For some students, this lack of relevancy of education translates into more than just the inability to answer simple geography questions in school or speak a second language. It translates into: I'm checking out mentally and, in some cases, physically.
"A recent study of high school dropouts in the United States confirms that the students who abandon high school are not necessarily those with the lowest levels of academic performance," Reimers said, "but those who do not find high schools challenging and do not see how continuing in school will fit with their own life plans and expectations."
“Literacy is a priority and an important step to understanding social studies." –Helena Payne, Ed.M.'06, Of course, not everyone sees high-stakes testing as completely negative when it comes to social studies and history. Training students to be better readers, for instance, may help them better grasp a chapter on the Constitution.
"Literacy is a priority and an important step to understanding social studies," said Helena Payne, Ed.M.'06, a seventh-grade social studies teacher at George Washington Middle School in Alexandria, Virginia. "Reading is difficult for some students, so focusing on literacy helps them better understand the material. It's complementary."
Although it's easy to just blame NCLB for the demise of social studies and the lack of global courses, there are other factors that have also left their mark. Some say the decline started well before the 2002 act was signed into law. As far back as the late 1890s, the United States has debated the importance of
Others say students themselves are partly to blame: they just aren't interested. In the 1984 book A Place Called School, author John Goodlad wrote that social studies was rated by elementary school students as the most difficult and least interesting subject -- just after science.
Reimers is quick to point out that if this is in fact true -- if students aren't interested -- adults need to do a better job of making the material relevant to their lives.
"If you teach a student to memorize the Constitution, they'll find it boring," he said.
Another factor is nationalist fear of losing traditions. As a result, getting schools to add new courses can be difficult.
"Efforts to introduce separate international courses in the curriculum have faced much resistance from different constituencies and have rarely been scaled up successfully," Reimers said.
Sophia Gorgodze, Ed.M.'07, a native of Georgia, said that balancing national and local with international can be positive for countries, especially when it comes to tolerance.
"Not that all traditions are always good, but they communicate who we are and where we come from," she said. "However, by upholding the values of global citizenship and being tolerant to change, we have a better chance of succeeding economically, enjoying social unity, and making a diff erence on a global scale."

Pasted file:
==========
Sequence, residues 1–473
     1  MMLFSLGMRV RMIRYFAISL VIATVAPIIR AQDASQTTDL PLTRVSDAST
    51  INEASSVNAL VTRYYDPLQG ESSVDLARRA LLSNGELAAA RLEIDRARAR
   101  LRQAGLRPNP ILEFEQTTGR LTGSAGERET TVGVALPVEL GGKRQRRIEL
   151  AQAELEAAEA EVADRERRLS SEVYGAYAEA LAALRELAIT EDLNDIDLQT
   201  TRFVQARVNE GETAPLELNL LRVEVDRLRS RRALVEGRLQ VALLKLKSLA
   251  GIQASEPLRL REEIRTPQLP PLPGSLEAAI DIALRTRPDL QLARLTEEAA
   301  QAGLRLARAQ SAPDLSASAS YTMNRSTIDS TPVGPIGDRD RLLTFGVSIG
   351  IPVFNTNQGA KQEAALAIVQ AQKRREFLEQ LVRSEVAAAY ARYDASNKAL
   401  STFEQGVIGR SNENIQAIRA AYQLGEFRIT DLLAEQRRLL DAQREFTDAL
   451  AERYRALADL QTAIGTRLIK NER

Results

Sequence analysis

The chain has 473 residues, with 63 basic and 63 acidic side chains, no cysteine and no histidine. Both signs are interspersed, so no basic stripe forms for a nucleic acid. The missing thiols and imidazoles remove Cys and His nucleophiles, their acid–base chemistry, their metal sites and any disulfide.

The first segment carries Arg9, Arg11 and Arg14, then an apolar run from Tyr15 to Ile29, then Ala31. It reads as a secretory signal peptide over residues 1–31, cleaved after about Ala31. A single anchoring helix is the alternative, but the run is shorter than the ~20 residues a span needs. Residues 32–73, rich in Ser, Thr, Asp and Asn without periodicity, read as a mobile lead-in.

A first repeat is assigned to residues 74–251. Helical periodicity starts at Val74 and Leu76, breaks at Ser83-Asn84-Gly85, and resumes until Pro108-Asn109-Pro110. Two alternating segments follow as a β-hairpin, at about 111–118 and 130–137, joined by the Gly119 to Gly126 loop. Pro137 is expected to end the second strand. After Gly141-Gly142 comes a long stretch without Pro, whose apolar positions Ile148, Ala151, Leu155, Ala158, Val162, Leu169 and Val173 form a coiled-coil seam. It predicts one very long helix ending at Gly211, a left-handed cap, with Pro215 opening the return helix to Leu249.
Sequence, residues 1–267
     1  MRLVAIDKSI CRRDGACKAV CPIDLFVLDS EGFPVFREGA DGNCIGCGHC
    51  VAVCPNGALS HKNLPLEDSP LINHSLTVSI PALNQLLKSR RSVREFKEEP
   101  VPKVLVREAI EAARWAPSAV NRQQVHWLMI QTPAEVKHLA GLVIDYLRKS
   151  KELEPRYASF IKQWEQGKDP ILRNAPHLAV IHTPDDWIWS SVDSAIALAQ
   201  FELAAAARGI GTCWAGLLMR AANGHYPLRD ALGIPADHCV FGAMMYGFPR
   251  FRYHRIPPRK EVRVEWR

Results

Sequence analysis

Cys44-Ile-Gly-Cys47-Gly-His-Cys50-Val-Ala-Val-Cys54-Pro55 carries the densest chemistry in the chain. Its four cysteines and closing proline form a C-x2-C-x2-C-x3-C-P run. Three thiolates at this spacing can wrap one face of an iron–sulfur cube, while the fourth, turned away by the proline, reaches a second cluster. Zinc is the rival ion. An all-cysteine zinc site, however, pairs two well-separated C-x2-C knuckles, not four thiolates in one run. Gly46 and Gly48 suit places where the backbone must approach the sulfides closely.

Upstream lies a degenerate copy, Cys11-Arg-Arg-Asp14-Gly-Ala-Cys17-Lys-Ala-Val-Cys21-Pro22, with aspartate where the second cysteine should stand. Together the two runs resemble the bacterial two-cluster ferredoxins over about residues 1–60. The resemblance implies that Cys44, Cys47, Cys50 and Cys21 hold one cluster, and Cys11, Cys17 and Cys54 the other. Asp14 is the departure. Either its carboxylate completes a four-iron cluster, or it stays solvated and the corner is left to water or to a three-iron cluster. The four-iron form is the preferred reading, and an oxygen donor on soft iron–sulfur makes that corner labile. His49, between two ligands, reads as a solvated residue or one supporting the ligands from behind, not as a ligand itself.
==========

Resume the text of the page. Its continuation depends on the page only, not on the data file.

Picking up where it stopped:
It's tolerance -- or the lack of -- that makes Reimers and others even more passionate about global education.
“By upholding the values of global citizenship and being tolerant to change, we have a better chance of succeeding economically, enjoying social unity, and making a difference on a global scale." – Sophia Gorgodze, Ed.M.’07 In May 2004, he spoke before the American Academy of Arts and Sciences about the beheadings of Nick Berg, an American contractor, and Daniel Pearl, an American journalist, both in Iraq. He talked about the mistreatment of prisoners of war and the 1994 Rwandan genocide.
"I refuse to accept that violence of some humans against others is inevitable," he said. "I believe, as a species, we have the capacity to educate people to understand that what we share in common with others is much greater than what sets us apart."
"People can be educated to be more or less cosmopolitan or tolerant," he later wrote in Prospects.
"Indeed, often the evils that threaten today's world come not from those who lack basic skills," Gorgodze said, "but rather from otherwise 'educated' individuals who do not internalize the values of global citizenship."
This is exactly why she and another Ed School student, Inbal Alon, Ed.M.'07, started Education for Global Citizenship, a student-led group that brings international speakers to campus and gives students a chance to discuss global issues.
One of the goals of the group, said Alon, who was born in Canada and grew up in Israel and the United States, is to understand how citizenship and a respect for diversity develop.
"I started talking to people about how citizenship develops," she said. "For some people, it starts out with family. For others it was a friend from another country or something they heard at school. For a lot of people, there isn't necessarily a moment, but growing up in a global era, they just sensed the necessity of adapting to how the world was changing."
And schools, she said, are the obvious place to bring it all together, especially when kids are young.
"We live in a time when children are getting a lot of messages from different sources -- family, media, friends -- so it's really important for schools to be a place where they can synthesize it," she said. "It's a service to young people and to the global community."
About the Article
A version of this article originally appeared in the Winter 2007 issue of Ed., the magazine of the Harvard Graduate School of Education.
Illustration by Jon Cannell